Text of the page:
It's a sparse filesystem, I think you'll need to unsparsify it first using simg2img. You can download it as part of ext4_utils which I have posted on here for when I used it on the Nexus7 images. Unpack the image and mount as follows:

Unpack:

./simg2img rootfs.img rootfs.ext4

Mount:

sudo mount -o loop rootfs.ext4 tmpmnt/

Once you've unpacked it and hacked it, you rebuild it using make_ext4fs. You should probably read the blog entry I made about hacking the Nexus7 image as it covers most of this and the script it references may be useful.

  • Thanks for the answer but I don't think it will work. simg2img only outputs "Bad Magic". Googling told me that this happens when you use it on anything that's not a compressed ext4 image, and yaffs2 isn't a compressed ext4 image. – gsingh2011 Dec 30 '12 at 6:09
  • 1
    Sorry I completely missed that, did you try the unyaffs2 tool? code.google.com/p/unyaffs/downloads/… – mfisch Dec 30 '12 at 16:16
  • Yea, I was able to extract it with unyaffs, but since that's not really mounting I can't accept this answer. I guess it's not currently possible. Btw, you have an interesting blog :) – gsingh2011 Dec 30 '12 at 22:55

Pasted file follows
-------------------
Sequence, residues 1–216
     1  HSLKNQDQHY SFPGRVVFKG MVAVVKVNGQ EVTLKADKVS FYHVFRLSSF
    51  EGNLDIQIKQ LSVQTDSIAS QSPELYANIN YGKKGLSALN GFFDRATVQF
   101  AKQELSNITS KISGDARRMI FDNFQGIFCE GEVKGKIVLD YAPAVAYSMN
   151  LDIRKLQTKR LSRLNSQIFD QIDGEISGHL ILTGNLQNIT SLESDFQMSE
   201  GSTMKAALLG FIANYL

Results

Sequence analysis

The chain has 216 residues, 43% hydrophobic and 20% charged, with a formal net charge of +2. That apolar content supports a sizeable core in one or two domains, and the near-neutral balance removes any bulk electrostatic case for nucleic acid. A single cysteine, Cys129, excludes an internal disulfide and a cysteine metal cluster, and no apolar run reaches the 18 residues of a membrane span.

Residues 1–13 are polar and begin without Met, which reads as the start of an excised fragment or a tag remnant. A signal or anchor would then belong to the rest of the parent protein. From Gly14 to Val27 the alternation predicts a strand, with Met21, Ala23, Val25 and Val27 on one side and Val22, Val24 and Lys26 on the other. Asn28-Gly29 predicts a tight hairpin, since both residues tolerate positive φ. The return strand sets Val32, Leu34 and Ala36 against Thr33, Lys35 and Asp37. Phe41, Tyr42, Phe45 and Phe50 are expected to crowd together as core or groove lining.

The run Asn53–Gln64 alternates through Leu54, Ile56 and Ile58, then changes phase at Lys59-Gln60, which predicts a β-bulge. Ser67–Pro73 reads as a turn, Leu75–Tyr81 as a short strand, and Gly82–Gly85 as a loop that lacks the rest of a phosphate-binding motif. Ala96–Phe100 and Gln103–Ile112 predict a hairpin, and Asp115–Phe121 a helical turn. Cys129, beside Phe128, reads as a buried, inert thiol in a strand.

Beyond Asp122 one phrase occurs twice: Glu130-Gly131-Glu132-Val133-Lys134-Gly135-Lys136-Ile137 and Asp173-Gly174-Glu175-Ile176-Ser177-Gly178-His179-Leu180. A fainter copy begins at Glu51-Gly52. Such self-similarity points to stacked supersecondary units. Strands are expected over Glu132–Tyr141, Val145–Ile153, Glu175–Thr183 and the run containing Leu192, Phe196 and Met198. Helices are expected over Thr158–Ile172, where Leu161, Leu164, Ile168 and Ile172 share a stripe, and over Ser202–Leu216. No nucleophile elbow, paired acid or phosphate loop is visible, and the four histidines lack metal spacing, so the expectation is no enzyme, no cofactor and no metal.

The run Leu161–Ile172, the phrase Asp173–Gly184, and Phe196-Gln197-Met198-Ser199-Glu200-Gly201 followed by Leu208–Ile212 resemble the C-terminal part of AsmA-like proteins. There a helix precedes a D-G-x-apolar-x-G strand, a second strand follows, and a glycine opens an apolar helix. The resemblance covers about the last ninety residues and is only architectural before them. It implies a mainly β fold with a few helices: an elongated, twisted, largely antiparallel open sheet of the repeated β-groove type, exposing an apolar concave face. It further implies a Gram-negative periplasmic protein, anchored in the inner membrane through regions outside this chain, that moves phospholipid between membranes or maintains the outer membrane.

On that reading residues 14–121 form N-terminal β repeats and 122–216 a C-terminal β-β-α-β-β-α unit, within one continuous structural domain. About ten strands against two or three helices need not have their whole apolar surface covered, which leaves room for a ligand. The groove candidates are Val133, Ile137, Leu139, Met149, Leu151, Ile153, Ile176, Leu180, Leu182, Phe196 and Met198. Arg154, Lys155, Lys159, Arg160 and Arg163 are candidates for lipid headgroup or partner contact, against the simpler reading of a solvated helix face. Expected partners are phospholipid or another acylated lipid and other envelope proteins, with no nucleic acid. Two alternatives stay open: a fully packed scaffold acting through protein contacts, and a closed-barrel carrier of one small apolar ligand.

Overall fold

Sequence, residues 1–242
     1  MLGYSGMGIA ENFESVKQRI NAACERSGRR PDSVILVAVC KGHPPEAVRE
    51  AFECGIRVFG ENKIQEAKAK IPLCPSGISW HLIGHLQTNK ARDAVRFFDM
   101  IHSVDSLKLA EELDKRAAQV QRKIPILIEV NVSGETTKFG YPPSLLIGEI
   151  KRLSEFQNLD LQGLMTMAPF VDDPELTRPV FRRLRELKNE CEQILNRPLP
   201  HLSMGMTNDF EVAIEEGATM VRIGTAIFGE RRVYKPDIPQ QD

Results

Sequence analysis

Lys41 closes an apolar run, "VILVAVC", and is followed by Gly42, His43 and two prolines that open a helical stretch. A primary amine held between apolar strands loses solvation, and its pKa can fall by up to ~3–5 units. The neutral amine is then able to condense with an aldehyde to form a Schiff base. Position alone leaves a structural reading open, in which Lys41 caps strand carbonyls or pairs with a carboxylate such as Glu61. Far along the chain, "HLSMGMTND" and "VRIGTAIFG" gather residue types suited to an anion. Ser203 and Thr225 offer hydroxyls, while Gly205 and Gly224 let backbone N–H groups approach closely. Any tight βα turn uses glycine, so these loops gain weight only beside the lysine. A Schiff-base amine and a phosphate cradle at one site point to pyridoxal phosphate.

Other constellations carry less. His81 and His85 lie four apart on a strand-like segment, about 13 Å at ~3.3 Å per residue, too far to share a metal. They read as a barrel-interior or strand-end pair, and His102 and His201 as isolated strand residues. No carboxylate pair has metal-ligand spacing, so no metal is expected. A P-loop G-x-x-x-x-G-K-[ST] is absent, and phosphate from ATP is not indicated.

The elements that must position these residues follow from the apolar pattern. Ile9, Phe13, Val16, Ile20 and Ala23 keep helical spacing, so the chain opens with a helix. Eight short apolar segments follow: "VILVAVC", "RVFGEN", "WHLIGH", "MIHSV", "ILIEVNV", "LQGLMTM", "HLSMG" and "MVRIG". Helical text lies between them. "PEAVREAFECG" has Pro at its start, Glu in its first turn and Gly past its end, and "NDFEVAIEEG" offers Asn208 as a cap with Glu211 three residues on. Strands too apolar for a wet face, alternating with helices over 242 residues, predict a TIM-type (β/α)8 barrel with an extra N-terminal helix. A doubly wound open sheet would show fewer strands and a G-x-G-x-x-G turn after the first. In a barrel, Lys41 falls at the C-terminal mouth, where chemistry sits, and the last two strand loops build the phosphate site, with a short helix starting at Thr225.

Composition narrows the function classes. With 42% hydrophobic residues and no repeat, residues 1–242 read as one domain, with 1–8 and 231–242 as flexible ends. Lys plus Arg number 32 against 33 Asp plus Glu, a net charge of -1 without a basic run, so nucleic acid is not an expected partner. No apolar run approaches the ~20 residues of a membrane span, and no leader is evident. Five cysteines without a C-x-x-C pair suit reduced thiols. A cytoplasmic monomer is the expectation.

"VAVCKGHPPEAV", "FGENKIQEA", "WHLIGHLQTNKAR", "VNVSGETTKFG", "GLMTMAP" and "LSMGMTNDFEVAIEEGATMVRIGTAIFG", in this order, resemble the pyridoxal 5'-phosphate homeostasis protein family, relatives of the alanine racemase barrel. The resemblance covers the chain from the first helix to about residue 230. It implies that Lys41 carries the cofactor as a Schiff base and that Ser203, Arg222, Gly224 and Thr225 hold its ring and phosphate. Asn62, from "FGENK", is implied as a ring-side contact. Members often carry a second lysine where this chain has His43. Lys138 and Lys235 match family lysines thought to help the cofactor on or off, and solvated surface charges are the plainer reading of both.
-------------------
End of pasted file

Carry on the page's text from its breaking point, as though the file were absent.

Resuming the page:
• 1
    I've also read, but not tried, that you can compile yaffs2 support into your kernel and just mount it like that. Maybe the simplest solution here is to mount it on an Android device? – mfisch Dec 31 '12 at 1:35
2

I thought I would update this with Ubuntu 13. I had to make some changes to get it to compile that I hope will help others.

  1. Edit yaffey.pro and under

    QT += core gui

    Add

    greaterThan(QT_MAJOR_VERSION, 4): QT += widgets

  2. Edit MainWindow.cpp and search/replace:

    setResizeMode with setSectionResizeMode

  3. Edit YaffTreeView.cpp and under

    #include <QDebug>

    Add

    #include <QMimeData>

You should then be able to compile.

1

After following nospam & Mechanical Snail's steps I also had to make this change in main.cpp

change:

#include <QtGui/QApplication>

to:

#include <QtWidgets/QApplication>

Then it finally compiled

0

just for users deal with ext4 sparse image (android system.img)


0. yaffs2 OR ext4

Android originally used YAFFS2 as the file system. After Android 2.3, the file system became ext4.

from https://stackoverflow.com/questions/23946910/

1. detect image type

file system.img
system.img: VMS Alpha Exectutable

// this is yaffs2 image

file system.img
system.img: data

//this maybe ext4 sparse image

blkid -pO 40 system.img 
system.img: UUID="57f8f4bc-abf4-655f-bf67-946fc0f9f25b" VERSION="1.0" TYPE="ext4" USAGE="filesystem"

//yes, it's ext4 sparse image

//40 = sizeof(struct sparse_header) + sizeof(struct chunk_header)

ref: simg2img source code

2. simg2img for ext4 sparse image

as mfisch's answer.

convert sparse image to raw image:

./simg2img system.img system_raw.img

mount:

sudo mount -t ext4 system_raw.img tmpmnt/

Your Answer

By clicking “Post Your Answer”, you agree to our terms of service, privacy policy and cookie policy

Not the answer you're looking for? Browse other questions tagged or ask your own question.